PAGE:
Given a k-SAT instance with the promise that there is an assignment satisfying at least t out of k literals in each clause, can one efficiently find a satisfying assignment (setting at least one literal to true in every clause)? The NP-hardness of 3-SAT implies that this problem is NP-hard when t <= k/3, and extensions of some 2-SAT algorithms give efficient solutions when t >= k/2.

We prove that for t < k/2, the problem is NP-hard. Thus, satisfiability becomes hard when the promised density of true literals falls below 1/2. One might thus say that the transition from easy to hard in 2-SAT vs. 3-SAT takes place just after two and not just before three.

The talk will sketch most of the proof, which is based on the fact that the only functions passing a natural dictatorship test are "juntas" depending on few variables. We will also briefly mention the general principle based on the lack of certain "polymorphisms" that underlies hardness of constraint satisfaction.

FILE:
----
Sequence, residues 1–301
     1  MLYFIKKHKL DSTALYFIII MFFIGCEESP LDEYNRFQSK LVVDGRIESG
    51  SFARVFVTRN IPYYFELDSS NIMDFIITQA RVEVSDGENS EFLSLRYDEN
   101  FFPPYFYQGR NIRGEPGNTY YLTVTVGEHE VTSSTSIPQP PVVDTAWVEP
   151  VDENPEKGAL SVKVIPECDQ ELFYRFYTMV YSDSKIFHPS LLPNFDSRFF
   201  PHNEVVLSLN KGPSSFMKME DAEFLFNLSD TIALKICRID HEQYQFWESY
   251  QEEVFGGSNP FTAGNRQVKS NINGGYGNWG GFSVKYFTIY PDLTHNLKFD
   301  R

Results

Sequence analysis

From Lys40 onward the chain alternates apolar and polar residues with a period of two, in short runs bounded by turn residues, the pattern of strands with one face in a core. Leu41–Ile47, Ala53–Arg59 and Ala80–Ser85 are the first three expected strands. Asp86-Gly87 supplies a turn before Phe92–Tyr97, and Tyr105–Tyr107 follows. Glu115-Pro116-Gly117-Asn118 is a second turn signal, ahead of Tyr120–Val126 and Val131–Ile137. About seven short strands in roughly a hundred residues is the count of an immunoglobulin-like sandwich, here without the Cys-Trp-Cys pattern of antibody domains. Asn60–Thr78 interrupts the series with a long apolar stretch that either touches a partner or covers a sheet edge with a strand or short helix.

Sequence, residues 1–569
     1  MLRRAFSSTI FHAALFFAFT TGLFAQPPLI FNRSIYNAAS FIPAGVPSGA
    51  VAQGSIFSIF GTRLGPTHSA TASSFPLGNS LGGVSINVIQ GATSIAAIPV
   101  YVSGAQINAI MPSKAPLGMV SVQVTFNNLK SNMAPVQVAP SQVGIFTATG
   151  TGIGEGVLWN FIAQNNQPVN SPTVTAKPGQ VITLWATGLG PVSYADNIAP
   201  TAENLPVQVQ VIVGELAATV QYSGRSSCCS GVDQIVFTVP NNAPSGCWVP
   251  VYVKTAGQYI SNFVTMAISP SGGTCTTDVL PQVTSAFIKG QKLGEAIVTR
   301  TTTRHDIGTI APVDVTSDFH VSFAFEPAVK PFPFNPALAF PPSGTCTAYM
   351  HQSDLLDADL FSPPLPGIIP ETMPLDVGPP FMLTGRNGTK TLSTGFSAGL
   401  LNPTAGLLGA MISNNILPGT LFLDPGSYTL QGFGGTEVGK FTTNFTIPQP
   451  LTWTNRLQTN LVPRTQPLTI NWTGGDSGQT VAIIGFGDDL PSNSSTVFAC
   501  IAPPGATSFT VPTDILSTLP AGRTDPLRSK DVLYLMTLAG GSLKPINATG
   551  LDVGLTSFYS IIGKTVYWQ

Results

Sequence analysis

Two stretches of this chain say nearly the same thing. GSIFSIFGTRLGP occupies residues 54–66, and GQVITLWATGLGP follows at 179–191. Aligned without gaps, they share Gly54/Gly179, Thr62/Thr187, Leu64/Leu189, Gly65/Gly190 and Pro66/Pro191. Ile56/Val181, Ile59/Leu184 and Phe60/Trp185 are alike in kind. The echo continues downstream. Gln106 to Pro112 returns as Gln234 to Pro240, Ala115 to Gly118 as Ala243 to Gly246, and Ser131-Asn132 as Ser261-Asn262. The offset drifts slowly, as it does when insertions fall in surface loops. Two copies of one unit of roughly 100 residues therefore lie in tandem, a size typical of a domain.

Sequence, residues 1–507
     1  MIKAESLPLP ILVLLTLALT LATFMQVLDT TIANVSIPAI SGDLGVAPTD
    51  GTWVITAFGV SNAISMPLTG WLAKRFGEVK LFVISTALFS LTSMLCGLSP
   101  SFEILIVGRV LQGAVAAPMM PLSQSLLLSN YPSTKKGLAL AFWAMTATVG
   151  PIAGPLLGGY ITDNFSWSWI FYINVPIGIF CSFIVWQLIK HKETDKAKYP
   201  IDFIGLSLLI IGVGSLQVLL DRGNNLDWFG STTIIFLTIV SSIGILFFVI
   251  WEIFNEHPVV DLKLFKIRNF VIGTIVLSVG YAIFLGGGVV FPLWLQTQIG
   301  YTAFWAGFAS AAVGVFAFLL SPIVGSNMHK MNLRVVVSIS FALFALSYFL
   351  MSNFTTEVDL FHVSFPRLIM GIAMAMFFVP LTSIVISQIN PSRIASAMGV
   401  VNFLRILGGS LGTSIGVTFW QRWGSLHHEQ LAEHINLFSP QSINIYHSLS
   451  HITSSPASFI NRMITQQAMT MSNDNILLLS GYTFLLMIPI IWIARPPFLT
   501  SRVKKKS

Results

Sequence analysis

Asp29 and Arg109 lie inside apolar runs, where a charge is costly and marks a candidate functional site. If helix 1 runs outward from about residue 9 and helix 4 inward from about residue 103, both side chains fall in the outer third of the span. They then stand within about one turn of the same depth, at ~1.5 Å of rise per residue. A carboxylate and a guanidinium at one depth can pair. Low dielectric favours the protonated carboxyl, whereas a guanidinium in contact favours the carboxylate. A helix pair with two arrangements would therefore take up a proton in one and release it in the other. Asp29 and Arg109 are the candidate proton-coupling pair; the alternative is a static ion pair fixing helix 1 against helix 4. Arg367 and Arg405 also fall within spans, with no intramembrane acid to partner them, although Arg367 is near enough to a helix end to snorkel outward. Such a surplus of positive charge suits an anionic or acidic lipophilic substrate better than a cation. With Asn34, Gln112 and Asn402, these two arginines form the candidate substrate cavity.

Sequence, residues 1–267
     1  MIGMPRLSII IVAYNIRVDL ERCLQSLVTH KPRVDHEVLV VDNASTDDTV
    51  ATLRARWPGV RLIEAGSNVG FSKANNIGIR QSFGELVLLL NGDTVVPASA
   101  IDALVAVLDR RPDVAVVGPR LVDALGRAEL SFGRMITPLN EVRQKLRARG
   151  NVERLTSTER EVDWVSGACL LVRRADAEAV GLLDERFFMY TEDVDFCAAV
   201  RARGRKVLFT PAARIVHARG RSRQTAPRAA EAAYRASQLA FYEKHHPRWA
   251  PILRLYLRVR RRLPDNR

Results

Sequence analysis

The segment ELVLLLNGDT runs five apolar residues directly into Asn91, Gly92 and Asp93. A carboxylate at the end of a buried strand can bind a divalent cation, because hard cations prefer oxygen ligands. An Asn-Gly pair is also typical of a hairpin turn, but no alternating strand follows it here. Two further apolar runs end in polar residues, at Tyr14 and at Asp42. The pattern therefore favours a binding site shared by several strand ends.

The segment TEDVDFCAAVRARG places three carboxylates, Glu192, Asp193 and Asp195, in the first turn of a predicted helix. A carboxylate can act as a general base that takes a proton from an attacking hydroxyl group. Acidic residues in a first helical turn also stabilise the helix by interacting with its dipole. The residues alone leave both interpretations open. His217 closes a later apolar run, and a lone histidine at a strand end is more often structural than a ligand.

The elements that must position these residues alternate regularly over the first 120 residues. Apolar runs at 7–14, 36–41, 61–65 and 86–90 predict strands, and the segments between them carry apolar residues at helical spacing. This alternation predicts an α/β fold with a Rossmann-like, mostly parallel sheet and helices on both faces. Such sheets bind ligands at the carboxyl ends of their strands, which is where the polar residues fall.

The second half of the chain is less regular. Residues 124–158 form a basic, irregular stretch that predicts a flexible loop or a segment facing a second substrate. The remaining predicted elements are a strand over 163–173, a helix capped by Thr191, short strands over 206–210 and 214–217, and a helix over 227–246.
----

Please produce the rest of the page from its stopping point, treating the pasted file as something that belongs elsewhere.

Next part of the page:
A strengthening of the k-SAT result shows that given a (2t+1)-uniform hypergraph admitting a balanced 2-coloring (at most t+1 vertices of each color in every hyperedge), it is NP-hard to even find a 2-coloring that avoids a monochromatic edge. This shows extreme hardness of discrepancy minimization for systems of bounded-size sets. [Subsequent work with Euiwoong Lee (http://eccc.hpi-web.de/report/2014/043/) in fact rules out coloring with any constant number of colors for the case of 2t-uniform hypergraphs with discrepancy 2.]

*This is joint work with Per Austrin and Johan HÃ¥stad.*